Ipswich are not 'bigger' than Norwich by any sensible measure, the clubs occupy exactly the same level in the English football hierachy, and I get the impression they are thought of by non-East Anglians as basically interchangable entities (such people are often suprised when they discover just how bitter the enmity is). But the more historically successful claim is justified, and given that Ipswich once managed a decade when they had a succesion of teams that were serious competitors for trophies, that they got high attendances in that period is perfectly logical. If Norwich have ever been consistently in possesion of sides as good, then that gap wouldn't exist.

Comment by cc82 2011-04-22 16:07:52

No distracting presence to overshadow the rivalry?

Norwich have had Colchester and Ipswich have had Roy Keane.

Comment by double hipness 2011-04-22 19:37:05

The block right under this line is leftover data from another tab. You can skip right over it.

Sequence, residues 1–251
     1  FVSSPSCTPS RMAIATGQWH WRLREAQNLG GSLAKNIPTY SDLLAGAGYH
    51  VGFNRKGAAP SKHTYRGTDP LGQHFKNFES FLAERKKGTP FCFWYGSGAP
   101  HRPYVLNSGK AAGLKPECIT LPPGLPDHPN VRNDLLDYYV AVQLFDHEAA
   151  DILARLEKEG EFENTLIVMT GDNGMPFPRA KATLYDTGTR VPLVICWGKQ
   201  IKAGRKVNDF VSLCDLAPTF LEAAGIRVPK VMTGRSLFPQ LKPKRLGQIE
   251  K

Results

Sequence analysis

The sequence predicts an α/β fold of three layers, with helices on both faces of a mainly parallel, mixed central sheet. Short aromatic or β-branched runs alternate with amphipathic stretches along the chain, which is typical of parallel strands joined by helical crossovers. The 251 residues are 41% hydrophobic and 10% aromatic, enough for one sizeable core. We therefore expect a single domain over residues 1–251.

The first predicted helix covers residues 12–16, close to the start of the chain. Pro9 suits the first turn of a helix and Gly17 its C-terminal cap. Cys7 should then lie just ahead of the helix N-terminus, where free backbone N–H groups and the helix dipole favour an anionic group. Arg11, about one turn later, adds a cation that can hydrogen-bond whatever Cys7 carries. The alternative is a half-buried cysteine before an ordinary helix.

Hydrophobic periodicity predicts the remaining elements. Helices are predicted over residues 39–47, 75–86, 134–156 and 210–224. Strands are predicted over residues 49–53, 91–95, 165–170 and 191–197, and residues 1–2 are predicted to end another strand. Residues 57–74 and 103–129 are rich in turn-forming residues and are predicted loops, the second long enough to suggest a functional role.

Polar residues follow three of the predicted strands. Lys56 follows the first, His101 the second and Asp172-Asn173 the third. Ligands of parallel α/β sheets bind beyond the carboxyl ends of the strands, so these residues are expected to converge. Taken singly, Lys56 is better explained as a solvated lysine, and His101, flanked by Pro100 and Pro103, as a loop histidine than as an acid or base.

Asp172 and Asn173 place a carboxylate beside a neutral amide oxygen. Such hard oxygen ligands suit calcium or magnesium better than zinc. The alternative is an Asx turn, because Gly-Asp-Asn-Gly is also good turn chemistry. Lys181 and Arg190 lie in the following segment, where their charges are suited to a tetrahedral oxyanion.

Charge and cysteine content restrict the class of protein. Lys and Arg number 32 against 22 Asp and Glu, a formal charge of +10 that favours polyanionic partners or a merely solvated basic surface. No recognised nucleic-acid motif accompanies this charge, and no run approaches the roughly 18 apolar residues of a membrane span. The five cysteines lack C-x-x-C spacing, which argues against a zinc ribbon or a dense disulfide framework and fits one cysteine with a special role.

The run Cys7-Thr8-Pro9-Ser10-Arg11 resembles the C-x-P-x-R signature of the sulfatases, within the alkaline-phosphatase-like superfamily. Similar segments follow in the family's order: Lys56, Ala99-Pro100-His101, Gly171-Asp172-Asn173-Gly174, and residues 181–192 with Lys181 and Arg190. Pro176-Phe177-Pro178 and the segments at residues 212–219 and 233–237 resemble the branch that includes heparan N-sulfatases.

I think Janik calls it right with regard the level each club is/was at and the facts (rather than rose tinted memories of past glories) kinda prove that with regard to attendances.
Since the war Ipswich's average has been better in 33 seasons and Norwich's (after this season) will have been better 32 times.

I think the pride Norwich fans have with regard to their current crowds is more to do with how they've been unaffected by relegations and a fall to their lowest league position for over 50 years. A combination of loyalty and the marketing Lincoln touched on, undertaken by the club over the past decade would seem to be the reason for that.